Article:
It's custom at my parish to venerate the central icon in the middle of the nave before communing, even if the chalice is already out. As a server, I always kiss the priest's hand, and I kiss both his hand and the cross at the end of Liturgy.
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« Reply #14 on: April 10, 2012, 10:57:19 PM »

we venerate the hand cross after liturgy before receiving the antidoron.
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« Reply #15 on: April 10, 2012, 11:08:06 PM »

I have personally never heard of this...

However, it would render the question why?

Basically because when you partake of communion, you are IN communion with every other Eastern Orthodox Christian (of course the ones that are in communion together), communion with the saints as well...   If you were to give somebody a holy kiss, or kiss the hand of the priest, venerate an icon (saint, theotokos, or of the lord) whom also has partaken of communion as much as you have, how would this (I don't know the word....) "wrongly dilute/show disrespect etc"?

Anyway as stated above by Benjamin the Red, that it is a pious custom... 
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« Reply #16 on: April 11, 2012, 02:11:57 AM »


Yes, I've been told the same. 

There are two veins of thought going on here.

One, not to accidentally spit out some of the Holy Gifts which might still be on your lips, etc.
This also includes no chewing gum, eating something "on the bone", eating an apple where you throw away the core, or taking a nap for a few hours, so you don't drool on your pillow.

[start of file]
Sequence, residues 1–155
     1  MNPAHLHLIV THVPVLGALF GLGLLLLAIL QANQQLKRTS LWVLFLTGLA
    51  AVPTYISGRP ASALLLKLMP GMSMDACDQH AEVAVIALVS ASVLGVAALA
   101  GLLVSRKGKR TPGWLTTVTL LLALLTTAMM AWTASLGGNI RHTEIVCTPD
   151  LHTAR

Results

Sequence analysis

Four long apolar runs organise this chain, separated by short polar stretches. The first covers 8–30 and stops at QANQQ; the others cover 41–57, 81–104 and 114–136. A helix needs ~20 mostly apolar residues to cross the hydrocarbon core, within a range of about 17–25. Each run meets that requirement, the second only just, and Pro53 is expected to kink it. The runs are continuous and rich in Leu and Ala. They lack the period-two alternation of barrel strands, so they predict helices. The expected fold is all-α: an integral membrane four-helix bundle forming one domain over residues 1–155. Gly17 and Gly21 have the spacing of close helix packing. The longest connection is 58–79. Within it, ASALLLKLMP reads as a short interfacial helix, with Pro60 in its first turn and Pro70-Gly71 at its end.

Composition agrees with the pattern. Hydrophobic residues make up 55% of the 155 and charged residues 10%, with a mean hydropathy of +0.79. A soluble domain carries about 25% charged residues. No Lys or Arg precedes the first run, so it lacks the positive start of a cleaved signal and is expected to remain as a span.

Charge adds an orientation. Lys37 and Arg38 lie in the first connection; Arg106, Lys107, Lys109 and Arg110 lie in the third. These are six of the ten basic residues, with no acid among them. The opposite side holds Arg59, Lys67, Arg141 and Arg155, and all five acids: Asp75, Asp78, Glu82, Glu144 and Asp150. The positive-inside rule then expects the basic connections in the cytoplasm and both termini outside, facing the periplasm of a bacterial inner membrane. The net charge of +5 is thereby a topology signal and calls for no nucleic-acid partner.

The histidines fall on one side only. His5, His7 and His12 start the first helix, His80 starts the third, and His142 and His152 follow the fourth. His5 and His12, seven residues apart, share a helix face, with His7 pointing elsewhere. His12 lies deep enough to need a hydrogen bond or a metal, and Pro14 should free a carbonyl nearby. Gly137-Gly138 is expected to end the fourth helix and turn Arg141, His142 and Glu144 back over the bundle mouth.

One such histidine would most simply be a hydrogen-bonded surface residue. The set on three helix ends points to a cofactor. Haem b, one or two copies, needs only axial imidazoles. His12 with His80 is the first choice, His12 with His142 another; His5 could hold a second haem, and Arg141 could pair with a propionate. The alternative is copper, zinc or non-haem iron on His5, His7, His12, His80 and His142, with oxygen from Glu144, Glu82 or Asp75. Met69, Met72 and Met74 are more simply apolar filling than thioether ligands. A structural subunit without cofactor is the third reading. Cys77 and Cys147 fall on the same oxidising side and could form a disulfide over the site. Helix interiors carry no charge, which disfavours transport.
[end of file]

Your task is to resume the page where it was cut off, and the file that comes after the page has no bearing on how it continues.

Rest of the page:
Second thought process is that you are blessed to have the Holy Gifts within you.  While we always have the Holy Spirit within us, we now have "the Body and Blood of Christ" within us.

People venerate the holy icons because they are the holiest items near them.  As people come forward to partake of the Holy Gifts (and the priest has not yet emerged with the Chalice) people kiss the icon (we have a tetrapod with an icon in the center of the nave) and then get in line.
However, IF the priest has already emerged with the Chalice, and Christ is standing before us....we no longer kiss the icon....because God is standing before us and the saints are now secondary.  Does that make sense?

Same as you ask a priest for his blessing when you come up to him.  However, if the bishop enters the room, you are no longer to kiss the priest's hand, only the bishop's.

This is the same idea.  You have now partaken of the Body and Blood of Christ.  God is within you.  You are "special" and shouldn't walk around kissing everything...because the only truly worthy "thing" to kiss is God, and He is inside of you, at that moment.

I may have worded this poorly....but, this is my understanding of the tradition.

I am interested in what others think.



As I said - there are two reasons behind this train of thought.

First, is not expelling the Gifts onto another object, and second, is showing respect to God over other people and things.